In their own words...
Read on below for some quotes from the podcast.
[01:05] Rob Koplowitz (Forrester): ‘’Process is nothing new I’m sure many people here are very familiar with process technologies, we’ve been at this for a very very long time, but something is changing really dramatically over the course of the last few years and it's really about digital transformation and the role of process in digital transformation and how critical it is.’’
[02:12] Rob: I think Aon's story is really really interesting, so lets dive into that one a little bit, Neil. (...) First of all I want to say that insurance is actually a really interesting application (...) they've got a LOT of processes, they've got a lot of things where they've had permission to do things inefficiently and the market is kind of not really tolerating that anymore. But what was going on with Aon, what were Brian's challenges and what did they tackle?
[02:55] Neil Young (FlowForma): 'What we find when we land with IT Managers and IT Directors like Brian from Aon is that they are progressive in their view. And by that I mean, they don’t have the resources in IT to do all these projects and they're not looking to keep it all within their remit. So what we found with Brian is that he's in a mode of empowering the business, but providing the guardrails.
[03:22] Neil: They had a lot of business process improvement ideas coming from the business managers - I think there was 4 key business managers that we've met in different times over the years - all connected with IT, but all about how these are the business process ideas and if we did this we would improve this experience with this customer.
[05:57] Neil: They didn't want to get into the hard level coding.(..) Back to ROI, they wanted to solve this problem, but what was the cost-effective nature of the delivery. And software development in its traditional fashion was just too expensive.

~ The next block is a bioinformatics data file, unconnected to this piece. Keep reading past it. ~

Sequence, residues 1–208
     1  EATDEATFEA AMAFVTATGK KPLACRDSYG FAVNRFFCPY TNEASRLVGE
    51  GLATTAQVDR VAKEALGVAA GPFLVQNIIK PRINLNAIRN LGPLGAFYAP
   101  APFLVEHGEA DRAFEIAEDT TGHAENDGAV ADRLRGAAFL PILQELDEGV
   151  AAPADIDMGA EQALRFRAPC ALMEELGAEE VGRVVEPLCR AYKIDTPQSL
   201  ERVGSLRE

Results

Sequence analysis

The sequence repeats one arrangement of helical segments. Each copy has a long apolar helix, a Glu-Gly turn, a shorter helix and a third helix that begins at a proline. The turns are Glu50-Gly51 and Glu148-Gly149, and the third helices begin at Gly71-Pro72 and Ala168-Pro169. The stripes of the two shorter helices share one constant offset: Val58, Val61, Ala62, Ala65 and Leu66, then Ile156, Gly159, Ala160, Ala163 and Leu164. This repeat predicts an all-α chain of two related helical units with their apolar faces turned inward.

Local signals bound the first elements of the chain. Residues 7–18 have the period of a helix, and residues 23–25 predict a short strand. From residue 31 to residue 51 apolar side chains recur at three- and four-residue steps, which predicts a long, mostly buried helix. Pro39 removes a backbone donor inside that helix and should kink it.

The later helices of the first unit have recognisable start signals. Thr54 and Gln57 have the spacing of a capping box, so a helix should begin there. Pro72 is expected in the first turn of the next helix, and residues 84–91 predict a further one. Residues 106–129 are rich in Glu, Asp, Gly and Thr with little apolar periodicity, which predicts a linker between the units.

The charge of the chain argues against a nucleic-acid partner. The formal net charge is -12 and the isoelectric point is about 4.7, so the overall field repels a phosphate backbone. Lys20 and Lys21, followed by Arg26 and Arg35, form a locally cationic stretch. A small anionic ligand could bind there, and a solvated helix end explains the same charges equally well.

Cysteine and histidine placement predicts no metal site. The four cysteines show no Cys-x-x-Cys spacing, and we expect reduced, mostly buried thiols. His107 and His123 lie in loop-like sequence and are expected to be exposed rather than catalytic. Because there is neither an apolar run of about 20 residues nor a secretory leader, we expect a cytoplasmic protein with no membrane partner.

[09:07] Rob: Another thing I want to point out is I think that we have a bit of a tendency to look at these things and say 'well some of these are back office, most of these are back office and we really want to focus on the customer', and that's where we end up applying the customer journey map and saying there is really not any difference between back office, front office, every day processes.
A lot of these things if they're not automated, if a change request is not automated, if things like project approach is not automated, if risk assessments are not automated, these result in bad customer experience and that's where we see the first stab at digital transformation failing, so focused on the common customer experience that it missed the journey, missed the process.
[10:52] Neil: (Construction Insurance) One of the construction companies wins a large piece of work, and they come on site and they have subcontractors that also work in and then there was a challenge - 'how do I know that that subcontractor is insured to come on site and work on this new building?' And simply put, that was not that straight-forward - that new contractor would land on site, would check in with a form and security, then it would be a phone call back to the main office, then the main office may give Aon a call and ask for an insurance certificate for this contractor and that was breaking down to the point where people were saying 'Look, your paperwork isn't processed, we don’t know whether you’re insured, we need to come back tomorrow and we'll have it addressed'.
So it was real time impacting Aon's customers - having challenges because of the communications bottleneck back and forth, from the site up to the head office back of Aon - too many layers of communications.